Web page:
• Shakespeare: Backstage, an expansion for Hervé Rigal's Shakespeare from Ystari Games, adds new actors, new objectives, and new costumes to the game, along with backstage cards that allow players to place unwagered cylinders on the deck and spend them on special abilities, "such as placing fewer rest tokens, adding hats to actors, or increasing ambiance".
• Catan Studio plans to re-release Klaus Teuber's Struggle for Catan in August 2016 in a tuckbox edition for $13.
• On Facebook, artist Pascal Quidault has shared cover artwork for "the new edition of game Sherlock Holmes, published soon by Space Cowboys". Ystari's Cyril Demaegd is a member of Space Cowboys, so the transition of this title from one publisher to the other is not surprising.
W. Eric Martin
• We featured many games on our 2016 Origins Game Fair livestream, and the one that excited me the most was Killer Snails: Assassins of the Sea from designer Nicholas Fortugno and publisher Killer Snails. I'm not saying this is the best game shown in our booth, but it was the most unexpected in both subject matter and the publisher's approach in bringing the game to market.
And whatever you think of the game, you really should watch the video of these killer snails. Amazing!
• Everything old comes back again, right? That's probably why zombies resonate so well in the public culture; you inherently understand the principle of zombies because you see someone wearing wide-flared bell bottoms or hear about a remake of some movie that struck you as ghastly even as an undiscriminating teenager and wonder, "Why is everyone into this stuff once again?"
Admittedly pop-culture zombieism is sometimes a plus, and the return of Buffy the Vampire Slayer to game tables after more than a decade's absence will likely excite some percentage of former and current fans. Here's an overview of this title, which Jasco Games will release on October 28, 2016.
• We had a fair amount of unscheduled time at Origins, but thankfully the hall is filled with exhibitors and designers, so we were often able to pull people on camera to talk about something other than the game release most immediately on their mind. Here, for example, Ryan Bruns of Mayday Games talks about his experience of game conventions as an exhibitor and how little of a show he actually sees, especially at Gen Con — which opens five weeks from today!
• We also found time to demo a few games that hadn't even been signed, such as the tile-laying game Seikatsu from Isaac Shalev and Matt Loomis — although from the whispering voices that I heard at Origins 2016, you'll probably be seeing this title on tables sooner rather than later.
• You might have noticed pummeling sounds in the background of our Origins 2016 videos. Directly across from the BGG booth was a fenced area in which people beat on one another with foam swords and other weapons. To explain the pummeling in more detail, Stephanie invited someone from the Belegarth Medieval Combat Society on camera to talk about what they do, both at Origins and at other events.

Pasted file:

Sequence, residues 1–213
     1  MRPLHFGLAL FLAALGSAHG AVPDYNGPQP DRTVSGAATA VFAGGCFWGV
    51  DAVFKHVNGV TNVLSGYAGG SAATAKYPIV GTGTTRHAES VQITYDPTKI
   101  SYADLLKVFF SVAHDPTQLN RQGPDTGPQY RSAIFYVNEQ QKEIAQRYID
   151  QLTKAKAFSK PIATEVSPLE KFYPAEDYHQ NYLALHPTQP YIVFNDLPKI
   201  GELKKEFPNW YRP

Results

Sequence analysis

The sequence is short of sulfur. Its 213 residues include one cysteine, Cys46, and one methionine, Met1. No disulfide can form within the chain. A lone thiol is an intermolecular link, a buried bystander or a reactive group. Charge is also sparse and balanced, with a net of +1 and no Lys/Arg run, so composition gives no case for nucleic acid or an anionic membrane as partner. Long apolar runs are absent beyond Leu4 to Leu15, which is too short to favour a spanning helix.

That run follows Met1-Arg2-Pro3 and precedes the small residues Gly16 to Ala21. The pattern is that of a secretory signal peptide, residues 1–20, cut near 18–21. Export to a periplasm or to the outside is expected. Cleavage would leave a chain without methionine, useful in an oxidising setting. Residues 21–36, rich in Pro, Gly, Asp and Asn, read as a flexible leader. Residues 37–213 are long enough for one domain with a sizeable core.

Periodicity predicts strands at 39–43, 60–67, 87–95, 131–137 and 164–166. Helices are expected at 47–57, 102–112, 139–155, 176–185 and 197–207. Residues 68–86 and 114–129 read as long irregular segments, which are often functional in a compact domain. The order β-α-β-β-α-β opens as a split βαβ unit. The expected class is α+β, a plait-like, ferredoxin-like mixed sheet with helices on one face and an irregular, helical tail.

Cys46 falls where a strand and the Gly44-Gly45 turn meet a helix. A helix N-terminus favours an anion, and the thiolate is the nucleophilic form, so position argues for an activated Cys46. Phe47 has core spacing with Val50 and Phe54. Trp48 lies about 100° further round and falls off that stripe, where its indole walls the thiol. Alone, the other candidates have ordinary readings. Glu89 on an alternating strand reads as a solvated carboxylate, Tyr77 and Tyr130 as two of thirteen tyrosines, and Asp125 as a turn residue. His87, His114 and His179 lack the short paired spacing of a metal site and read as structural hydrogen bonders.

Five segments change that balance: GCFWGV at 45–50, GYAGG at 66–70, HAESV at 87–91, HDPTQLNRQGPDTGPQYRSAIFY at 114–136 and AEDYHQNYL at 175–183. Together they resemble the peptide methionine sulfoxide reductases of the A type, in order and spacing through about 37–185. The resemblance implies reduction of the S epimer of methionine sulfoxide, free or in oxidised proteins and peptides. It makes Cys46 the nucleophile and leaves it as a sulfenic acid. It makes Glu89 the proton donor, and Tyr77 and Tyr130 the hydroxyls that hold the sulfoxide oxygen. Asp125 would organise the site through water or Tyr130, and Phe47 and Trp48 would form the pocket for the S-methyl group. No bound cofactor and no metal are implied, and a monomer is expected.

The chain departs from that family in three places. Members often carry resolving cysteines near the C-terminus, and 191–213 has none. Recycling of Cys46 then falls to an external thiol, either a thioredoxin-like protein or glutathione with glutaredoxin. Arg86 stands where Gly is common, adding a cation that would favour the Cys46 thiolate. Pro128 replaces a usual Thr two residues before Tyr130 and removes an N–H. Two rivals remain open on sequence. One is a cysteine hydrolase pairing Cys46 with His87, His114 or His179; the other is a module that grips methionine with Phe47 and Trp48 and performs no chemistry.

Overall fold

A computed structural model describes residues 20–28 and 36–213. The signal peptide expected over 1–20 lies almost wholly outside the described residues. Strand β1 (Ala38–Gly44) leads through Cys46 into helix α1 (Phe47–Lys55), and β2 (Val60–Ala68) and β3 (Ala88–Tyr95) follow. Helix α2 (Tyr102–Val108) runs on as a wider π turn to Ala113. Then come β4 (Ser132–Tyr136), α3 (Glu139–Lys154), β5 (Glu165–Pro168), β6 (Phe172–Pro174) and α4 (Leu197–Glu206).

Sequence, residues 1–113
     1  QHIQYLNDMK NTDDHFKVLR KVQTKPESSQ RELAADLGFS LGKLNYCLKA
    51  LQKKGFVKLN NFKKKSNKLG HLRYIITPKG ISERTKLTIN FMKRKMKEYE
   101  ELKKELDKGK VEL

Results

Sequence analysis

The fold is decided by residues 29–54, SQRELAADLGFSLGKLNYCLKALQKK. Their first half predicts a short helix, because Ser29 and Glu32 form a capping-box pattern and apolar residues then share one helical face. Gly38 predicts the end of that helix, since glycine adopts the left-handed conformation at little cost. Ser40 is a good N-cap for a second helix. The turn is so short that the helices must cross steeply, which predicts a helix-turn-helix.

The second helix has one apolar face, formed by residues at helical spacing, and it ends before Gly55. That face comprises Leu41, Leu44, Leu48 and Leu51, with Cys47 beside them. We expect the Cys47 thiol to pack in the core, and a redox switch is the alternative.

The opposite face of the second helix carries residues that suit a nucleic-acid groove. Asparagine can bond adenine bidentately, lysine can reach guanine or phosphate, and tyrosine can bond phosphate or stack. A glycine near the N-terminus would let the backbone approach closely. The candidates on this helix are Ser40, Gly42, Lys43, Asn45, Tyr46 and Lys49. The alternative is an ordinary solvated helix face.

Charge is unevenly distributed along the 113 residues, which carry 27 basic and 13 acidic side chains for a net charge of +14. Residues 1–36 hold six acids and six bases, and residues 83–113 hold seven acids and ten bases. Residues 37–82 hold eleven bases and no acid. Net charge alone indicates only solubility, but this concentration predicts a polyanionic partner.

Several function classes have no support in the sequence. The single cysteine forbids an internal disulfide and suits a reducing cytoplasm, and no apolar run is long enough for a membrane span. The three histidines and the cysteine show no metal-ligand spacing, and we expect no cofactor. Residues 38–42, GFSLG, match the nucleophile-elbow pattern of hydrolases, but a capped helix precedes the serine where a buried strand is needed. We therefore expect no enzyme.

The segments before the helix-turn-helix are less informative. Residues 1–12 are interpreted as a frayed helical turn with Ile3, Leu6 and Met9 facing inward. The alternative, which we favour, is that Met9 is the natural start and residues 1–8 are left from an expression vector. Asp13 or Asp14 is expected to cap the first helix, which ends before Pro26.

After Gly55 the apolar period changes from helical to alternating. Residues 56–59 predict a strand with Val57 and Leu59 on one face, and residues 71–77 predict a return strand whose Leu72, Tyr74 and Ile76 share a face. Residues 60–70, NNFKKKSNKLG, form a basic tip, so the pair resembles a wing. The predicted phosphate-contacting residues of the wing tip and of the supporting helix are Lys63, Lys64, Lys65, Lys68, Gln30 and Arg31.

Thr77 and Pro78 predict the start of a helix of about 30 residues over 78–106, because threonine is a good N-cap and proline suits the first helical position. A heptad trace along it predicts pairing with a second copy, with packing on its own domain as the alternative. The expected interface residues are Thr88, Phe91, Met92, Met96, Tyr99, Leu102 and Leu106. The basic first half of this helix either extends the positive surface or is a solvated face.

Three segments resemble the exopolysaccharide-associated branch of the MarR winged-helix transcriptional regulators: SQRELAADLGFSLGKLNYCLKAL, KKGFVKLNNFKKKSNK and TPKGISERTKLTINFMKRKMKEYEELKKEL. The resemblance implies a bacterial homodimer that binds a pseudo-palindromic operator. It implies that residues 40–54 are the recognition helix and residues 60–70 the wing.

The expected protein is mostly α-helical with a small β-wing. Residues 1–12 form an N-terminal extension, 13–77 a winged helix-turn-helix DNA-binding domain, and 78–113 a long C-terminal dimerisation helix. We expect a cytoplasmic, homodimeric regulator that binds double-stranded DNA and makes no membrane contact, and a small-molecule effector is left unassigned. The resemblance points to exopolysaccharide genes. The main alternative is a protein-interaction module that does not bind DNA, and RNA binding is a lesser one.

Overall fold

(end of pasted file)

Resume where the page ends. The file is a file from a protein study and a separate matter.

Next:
• We closed Origins 2016 with a mammoth conversation with designer/publisher Matt Fantastic of Prettiest Princess Games, who explained Love Will Tear Us Apart in the first couple of minutes of this 48-minute video (!) and I finally played the game on camera in the final few minutes when Stephanie Straw arrived back in the booth after touring the convention hall. Probably NSFW, but I will humbly suggest that this video is well worth your time.
Thu Jun 30, 2016 11:00 pm
W. Eric Martin
• Charlie Price's demo of Kung Fu Zoo — a dice-flicking game of caging animals and using special powers — in the BGG booth at Origins Game Fair 2016 ended with Aldie saying, "I want to back that for two copies" — but Aldie backs a ton of games on Kickstarter so that might not mean anything to you.
• As with The Grizzled, Julien Prothière's Kreo is a cooperative game that was first released in France by Sweet November, but has now been picked up by Cool Mini Or Not for release in English. Other than those similarities, however, the games play nothing alike, with players in Kreo serving as Titans who are trying to assemble a world.
• Designer Jeff Siadek of Gorilla Games explains what's changed in the second edition of Battlestations, which is being released twelve years after the original. In the game, players are still trying to keep their spaceship intact and moving through space, gaining experience as they do in this RPG-like board game.
• Scott Almes and Gamelyn Games are giving "tiny epic" a brief rest and instead focusing on a giant 4X fantasy experience in Heroes of Land, Air & Sea, which won't be out until 2017 but which you can get a taste of right now.
• Dark Souls: The Board Game was a smash hit on Kickstarter, but what is the game itself about? Co-designer Richard Loxam from Steamforged Games visited the BGG booth at Origins 2016 to demo some of those details.